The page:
Skip to main content

Listen

Read

Watch

Schedules

Programs

Events

Give

Account

Donation Heart Ribbon

Homeless Look For Help And Hope At Project Homeless Connect

Audio

About 600 people with no place to live came to Golden Hall, next to San Diego City Hall, on Wednesday to look for help. One of them was a man named Hollywood, and his story was simple.

About 600 people with no place to live came to Golden Hall, next to San Diego City Hall, on Wednesday to look for help. One of them was a man named Hollywood, and his story was simple.

"I lost my home. I lost my job. I lost my car… everything," he said.

Hollywood was hoping his luck would change at Project Homeless Connect. This was a day-long effort to give homeless people a few things they need to survive on the streets. Donors brought things like clothes, toiletries and rolling suitcases. Hopefully this day would also hook up the homeless with services that can make their lives better. Sister RayMonda Duvall is director of Catholic Charities in San Diego.

"What this event does for the community is have a central focus on homelessness,” she said, “and bring all of the services to one place so that maybe one woman or one man is going to find just the connection they need to move them to the next step.”

The next step? Duvall said maybe that’s permanent housing. Maybe it’s counseling or some free legal help.

On Wednesday, Golden Hall teemed with people and it was lined with temporary booths. I walked past a makeshift clinic where the San Diego Dental Society screened homeless people for dental problems. Folks from the East County Transitional Living Center spoke with people about housing. Legal Aid counseled people about their scrapes with the law. School district reps were there to tell homeless people how they can keep their kids in the same school, even as they move from one shelter to the next.

Cissy Fisher is vice president of the San Diego Housing Commission, which organized this year's event. She said, "Where we missed the boat a little bit is we didn't anticipate so many people would want haircuts. There's a long line for haircuts.”

I asked her about another line that was even longer. Was that for clothes, suitcases or something else? She told me that was the line to get lunch.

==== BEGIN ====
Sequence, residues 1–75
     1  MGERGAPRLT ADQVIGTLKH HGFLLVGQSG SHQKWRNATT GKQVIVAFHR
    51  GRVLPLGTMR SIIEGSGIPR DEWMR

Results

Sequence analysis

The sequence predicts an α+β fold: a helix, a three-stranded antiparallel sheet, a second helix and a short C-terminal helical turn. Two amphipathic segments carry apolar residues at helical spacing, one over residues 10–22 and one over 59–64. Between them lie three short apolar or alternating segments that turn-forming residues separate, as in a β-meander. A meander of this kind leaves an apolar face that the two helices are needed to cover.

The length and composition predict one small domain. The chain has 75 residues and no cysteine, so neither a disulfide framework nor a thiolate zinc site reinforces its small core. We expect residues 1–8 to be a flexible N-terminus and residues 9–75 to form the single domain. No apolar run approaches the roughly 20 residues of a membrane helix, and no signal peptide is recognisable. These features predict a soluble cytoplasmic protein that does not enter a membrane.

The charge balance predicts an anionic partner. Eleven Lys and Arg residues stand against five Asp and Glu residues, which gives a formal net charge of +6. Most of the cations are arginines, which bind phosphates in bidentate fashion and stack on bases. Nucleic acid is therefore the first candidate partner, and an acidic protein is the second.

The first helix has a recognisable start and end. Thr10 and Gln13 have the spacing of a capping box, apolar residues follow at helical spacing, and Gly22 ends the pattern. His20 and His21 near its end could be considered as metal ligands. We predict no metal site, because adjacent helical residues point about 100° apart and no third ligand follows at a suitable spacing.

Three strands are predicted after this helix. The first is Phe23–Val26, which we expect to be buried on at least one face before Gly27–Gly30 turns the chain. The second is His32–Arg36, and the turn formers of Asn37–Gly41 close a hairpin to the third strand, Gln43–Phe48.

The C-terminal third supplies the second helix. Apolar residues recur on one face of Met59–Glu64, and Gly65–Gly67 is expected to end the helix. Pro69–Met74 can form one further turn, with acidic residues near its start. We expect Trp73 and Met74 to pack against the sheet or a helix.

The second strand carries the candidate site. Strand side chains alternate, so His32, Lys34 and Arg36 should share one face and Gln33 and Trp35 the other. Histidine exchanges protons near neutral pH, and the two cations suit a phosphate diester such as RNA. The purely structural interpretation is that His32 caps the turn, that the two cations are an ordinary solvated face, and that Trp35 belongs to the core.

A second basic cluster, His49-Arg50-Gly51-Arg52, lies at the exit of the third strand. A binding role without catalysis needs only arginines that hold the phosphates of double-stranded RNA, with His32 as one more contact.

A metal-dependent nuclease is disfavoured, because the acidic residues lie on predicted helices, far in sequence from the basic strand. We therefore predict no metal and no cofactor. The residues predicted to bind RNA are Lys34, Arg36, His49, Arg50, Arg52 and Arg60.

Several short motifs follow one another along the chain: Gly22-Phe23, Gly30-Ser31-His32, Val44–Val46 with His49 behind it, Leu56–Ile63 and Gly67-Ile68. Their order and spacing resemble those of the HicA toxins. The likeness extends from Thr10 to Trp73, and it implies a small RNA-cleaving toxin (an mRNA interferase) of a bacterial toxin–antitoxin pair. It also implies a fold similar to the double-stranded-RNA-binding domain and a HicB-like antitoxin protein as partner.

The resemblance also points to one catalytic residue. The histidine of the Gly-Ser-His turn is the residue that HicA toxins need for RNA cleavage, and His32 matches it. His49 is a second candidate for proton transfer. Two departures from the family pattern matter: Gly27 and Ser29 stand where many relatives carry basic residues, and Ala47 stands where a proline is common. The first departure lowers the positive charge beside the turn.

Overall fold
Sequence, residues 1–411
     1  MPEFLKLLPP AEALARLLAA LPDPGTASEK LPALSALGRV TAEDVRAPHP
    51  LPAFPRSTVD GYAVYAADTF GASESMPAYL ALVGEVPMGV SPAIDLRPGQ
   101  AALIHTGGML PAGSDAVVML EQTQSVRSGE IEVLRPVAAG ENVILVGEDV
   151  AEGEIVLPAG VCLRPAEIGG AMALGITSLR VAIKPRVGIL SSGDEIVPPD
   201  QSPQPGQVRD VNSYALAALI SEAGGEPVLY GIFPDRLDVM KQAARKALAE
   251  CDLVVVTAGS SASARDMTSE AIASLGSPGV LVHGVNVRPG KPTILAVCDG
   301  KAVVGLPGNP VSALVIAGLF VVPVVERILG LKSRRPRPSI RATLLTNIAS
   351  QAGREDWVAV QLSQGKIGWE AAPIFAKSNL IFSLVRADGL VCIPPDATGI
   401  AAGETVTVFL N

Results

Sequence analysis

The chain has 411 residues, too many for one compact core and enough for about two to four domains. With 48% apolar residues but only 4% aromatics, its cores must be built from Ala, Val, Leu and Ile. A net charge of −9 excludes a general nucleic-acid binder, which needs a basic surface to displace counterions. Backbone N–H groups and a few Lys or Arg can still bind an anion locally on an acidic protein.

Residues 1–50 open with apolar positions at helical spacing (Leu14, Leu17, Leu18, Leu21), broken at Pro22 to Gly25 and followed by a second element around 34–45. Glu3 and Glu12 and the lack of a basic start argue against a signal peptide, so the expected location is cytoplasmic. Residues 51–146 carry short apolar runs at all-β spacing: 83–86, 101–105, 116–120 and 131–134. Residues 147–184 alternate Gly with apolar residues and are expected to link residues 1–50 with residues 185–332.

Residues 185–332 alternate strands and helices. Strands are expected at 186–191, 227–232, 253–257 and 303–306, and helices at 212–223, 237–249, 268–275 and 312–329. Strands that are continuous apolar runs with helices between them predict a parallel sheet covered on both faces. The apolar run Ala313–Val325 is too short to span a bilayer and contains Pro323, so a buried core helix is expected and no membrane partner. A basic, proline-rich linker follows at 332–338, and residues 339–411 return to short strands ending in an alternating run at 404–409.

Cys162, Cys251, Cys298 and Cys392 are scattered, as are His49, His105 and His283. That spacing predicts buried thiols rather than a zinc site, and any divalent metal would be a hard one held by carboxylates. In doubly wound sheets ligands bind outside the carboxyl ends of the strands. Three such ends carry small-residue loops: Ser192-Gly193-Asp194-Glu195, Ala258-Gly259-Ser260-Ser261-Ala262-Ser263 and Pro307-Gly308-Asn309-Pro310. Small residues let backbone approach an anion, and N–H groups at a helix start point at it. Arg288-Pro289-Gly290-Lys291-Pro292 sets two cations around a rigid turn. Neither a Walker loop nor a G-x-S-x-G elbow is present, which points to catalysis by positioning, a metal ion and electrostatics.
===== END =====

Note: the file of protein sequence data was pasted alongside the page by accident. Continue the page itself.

I didn't want lunch so I approached the line of men waiting to get haircuts. Several of the guys told me they needed to look more “presentable,” in hopes of landing some kind of job. Everybody's got a story. Bruce Bowman says he became homeless trying to look after a family member.

"Well, I've got a brother who is an alcoholic who also has PTSD,” he said. “He's also got pancreatic cancer. So I'm his caregiver and I have to follow him wherever he makes a go, and that usually puts us off in the streets."

Another man told me he had a home in Arizona but he's homeless after serving jail time in San Diego and not being able to leave, because of his probation. Most people in Golden Hall told me they were looking for jobs and housing. Two men who said they used to be homeless were manning the booth of the East County Transitional Living Center. One of them, Sean Oliver, said the center has vouchers for emergency housing. They also offer a transitional housing program – the “discipleship” program – that lasts 90 days.

"For 90 days, no reading material other than the bible. No telephone calls. No appointments. It's really separating yourself from the world to get yourself in a mind-frame to change your life, to change those patterns," said Oliver.

There are about 4,500 homeless people in the city of San Diego and there's only so much Project Homeless Connect can do for them. Tom Stubberud is one of the co-chairs the project. He said just giving the homeless respite for the day, to let them come inside and have lunch… that's something.

"I'm also amazed at the general community's response,” said Stubberud. “People's hearts are really big and really in the right place, and we get these amazing outpourings of volunteerism and donations.

One of the things people donated was hats... dozens of blue-green, tweed fedoras. They were a popular. So if you see someone in downtown San Diego wearing a tweed fedora, they probably went to Project Homeless Connect.

Want more KPBS news?
Find us on Twitter and Facebook, or subscribe to our newsletters.

To view PDF documents, Download Acrobat Reader.